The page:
by Oden Taylor
Pioneer, prospector, lumberjack— what do they all have in common? A significant role in the colonization of North America and a place as a California State University mascot. CSU mascots are rife with cultural insensitivity and, at times, blatant racism— if you don’t believe me, just google the San Diego State University Aztec Warrior.
The names of CSU campus newspapers also nearly always correspond with the school mascot. For example, CSU East Bay’s mascot is Pioneer Pete and the school paper, “The Pioneer.”
At Cal Poly Humboldt, “The Lumberjack,” both as a mascot and the name of our paper, symbolizes white supremacy and colonization. It is time for a change, starting with us. The Lumberjack must change its name to continue the removal of white power structures and symbols from indigenous land.
Lumberjacks worked alongside prospectors during the gold rush, making way for new settlers to build towns and ravage the land for its resources. After the gold rush ended, lumberjacks cleared old-growth redwood forests well into the twentieth century.
In fact, only 5% of the original old-growth redwood forest stands from Southern Oregon to Central California, according to the Save the Redwoods League.
There have been many name changes taking place across Humboldt county, from the Gutswurrak Student Activity Center here on campus to the name restoration of Sue-meg State Park. This change comes after nearly 170 years of being called “Patrick’s Point” for Patrick Beegan, a private land owner and accused murderer of Indigenous people, including a Yurok boy.
As of 2018, CSU Long Beach abandoned its longtime mascot, Prospector Pete, for Elbee the Shark. Shortly after CSU East Bay claimed to do the same, saying goodbye to Pioneer Pete. Four years later they have yet to choose a new mascot, according to their website.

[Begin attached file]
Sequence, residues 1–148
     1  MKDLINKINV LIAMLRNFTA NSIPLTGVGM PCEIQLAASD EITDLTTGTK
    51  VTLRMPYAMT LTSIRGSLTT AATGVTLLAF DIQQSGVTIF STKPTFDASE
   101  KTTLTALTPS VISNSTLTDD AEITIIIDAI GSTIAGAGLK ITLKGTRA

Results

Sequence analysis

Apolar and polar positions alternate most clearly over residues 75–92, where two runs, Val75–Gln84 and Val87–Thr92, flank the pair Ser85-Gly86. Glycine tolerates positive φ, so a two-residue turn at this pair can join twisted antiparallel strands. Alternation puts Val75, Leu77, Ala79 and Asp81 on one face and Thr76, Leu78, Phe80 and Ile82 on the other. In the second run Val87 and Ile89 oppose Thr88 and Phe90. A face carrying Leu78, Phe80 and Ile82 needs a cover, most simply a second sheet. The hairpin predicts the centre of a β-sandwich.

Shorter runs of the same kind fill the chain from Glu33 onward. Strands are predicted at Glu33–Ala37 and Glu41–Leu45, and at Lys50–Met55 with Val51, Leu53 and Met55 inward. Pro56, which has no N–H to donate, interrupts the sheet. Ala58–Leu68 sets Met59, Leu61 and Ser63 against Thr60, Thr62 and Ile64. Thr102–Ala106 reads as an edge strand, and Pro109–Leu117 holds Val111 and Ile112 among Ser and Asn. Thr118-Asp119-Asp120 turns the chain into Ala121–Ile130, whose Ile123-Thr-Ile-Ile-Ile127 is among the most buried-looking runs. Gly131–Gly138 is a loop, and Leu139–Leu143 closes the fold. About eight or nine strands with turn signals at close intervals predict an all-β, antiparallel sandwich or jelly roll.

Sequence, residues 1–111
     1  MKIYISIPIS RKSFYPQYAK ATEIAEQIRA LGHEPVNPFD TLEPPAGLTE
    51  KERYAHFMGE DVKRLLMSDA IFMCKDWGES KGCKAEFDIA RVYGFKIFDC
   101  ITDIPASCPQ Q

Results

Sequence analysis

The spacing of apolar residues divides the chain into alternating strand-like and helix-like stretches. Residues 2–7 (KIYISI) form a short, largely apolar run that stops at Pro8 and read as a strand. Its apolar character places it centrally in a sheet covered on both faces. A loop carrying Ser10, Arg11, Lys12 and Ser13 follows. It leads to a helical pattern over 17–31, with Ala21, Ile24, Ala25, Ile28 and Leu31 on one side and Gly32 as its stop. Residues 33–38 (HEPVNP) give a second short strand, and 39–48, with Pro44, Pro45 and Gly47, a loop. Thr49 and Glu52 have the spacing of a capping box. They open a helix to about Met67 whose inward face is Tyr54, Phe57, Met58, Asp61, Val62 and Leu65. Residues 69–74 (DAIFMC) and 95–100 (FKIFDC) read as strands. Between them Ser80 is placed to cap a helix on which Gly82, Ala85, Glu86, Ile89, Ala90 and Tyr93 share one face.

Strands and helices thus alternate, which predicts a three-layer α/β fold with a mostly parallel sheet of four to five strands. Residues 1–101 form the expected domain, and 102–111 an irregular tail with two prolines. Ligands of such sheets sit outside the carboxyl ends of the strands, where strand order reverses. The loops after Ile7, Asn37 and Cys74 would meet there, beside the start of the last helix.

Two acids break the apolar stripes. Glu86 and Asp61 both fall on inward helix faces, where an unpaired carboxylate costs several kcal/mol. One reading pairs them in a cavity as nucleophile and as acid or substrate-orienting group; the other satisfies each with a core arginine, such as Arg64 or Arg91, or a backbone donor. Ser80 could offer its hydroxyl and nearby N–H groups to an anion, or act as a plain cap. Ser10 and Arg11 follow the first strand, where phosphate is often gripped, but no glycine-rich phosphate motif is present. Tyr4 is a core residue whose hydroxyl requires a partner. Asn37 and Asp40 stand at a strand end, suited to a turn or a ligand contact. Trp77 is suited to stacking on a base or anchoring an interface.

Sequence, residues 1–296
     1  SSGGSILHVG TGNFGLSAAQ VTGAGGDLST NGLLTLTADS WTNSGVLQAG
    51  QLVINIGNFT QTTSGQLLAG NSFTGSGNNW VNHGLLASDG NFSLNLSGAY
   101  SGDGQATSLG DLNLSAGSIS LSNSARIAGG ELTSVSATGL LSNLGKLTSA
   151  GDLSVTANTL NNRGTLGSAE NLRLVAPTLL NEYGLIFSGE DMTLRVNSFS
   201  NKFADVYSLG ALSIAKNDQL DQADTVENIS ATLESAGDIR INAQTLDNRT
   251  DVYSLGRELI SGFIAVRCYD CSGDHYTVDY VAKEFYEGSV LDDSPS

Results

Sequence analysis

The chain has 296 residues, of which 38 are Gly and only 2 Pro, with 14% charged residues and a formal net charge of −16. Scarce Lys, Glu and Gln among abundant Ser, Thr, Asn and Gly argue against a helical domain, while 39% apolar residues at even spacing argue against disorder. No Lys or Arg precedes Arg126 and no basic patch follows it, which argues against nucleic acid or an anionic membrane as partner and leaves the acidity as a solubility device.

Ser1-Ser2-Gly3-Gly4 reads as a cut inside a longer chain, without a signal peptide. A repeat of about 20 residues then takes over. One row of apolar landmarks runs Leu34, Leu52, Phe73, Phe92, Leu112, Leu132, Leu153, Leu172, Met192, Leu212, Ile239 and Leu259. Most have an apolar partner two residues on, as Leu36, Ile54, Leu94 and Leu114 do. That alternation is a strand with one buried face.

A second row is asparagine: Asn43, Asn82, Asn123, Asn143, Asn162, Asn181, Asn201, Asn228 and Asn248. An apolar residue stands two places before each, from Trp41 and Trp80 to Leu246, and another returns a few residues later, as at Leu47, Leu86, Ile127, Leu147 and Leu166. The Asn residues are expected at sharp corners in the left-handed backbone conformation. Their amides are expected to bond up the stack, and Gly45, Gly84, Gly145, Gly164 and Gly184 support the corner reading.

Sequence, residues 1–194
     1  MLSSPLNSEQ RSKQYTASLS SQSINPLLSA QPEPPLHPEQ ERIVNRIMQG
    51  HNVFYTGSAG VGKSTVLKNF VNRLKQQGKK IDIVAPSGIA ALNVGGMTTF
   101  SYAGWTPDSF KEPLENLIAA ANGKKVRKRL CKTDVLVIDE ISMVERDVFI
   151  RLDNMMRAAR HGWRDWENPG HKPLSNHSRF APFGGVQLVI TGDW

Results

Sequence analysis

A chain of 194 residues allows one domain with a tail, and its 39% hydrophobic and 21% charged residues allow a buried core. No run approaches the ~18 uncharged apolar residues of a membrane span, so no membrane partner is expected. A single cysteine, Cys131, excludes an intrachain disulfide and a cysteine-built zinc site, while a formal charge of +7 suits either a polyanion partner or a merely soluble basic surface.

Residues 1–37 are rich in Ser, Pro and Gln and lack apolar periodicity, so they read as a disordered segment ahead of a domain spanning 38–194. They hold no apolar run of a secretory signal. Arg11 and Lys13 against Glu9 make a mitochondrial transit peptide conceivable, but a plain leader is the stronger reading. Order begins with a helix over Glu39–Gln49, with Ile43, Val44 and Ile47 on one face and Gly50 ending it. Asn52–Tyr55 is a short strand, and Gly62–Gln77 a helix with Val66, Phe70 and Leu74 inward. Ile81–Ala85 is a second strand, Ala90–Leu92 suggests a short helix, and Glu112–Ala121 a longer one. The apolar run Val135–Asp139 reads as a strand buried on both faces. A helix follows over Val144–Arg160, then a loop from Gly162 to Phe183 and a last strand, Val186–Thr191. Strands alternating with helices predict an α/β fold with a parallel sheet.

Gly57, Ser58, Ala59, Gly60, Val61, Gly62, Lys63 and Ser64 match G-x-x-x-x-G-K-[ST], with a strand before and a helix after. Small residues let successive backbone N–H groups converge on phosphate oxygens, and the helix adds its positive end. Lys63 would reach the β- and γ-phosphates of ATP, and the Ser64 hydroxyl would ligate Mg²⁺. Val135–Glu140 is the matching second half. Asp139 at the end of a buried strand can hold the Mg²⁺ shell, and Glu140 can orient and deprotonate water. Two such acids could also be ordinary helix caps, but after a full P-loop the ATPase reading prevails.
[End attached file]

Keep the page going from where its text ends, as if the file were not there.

Unfortunately, despite the example set by other schools and the opportunity presented by an expensive rebrand, Cal Poly Humboldt did not find it necessary to retire the Lumberjack, telling El Leñador in March that there are no current plans to change the mascot.
Though Long Beach has chosen a new mascot, neither campus changed the name of their newspaper. They remain Long Beach’s Daily Forty-Niner and East Bay’s The Pioneer. This lack of meaningful change promotes white supremacy in newsrooms, including ours.
We must move beyond just acknowledging the land we occupy and think critically about the messages we distribute and the symbols we use on it.
All CSU campus newspapers should reconsider what they call themselves and why. Does your publication’s name honor and represent your campus community?
It’s time we axed the Lumberjack. If the administration isn’t willing to do it, the change must start with us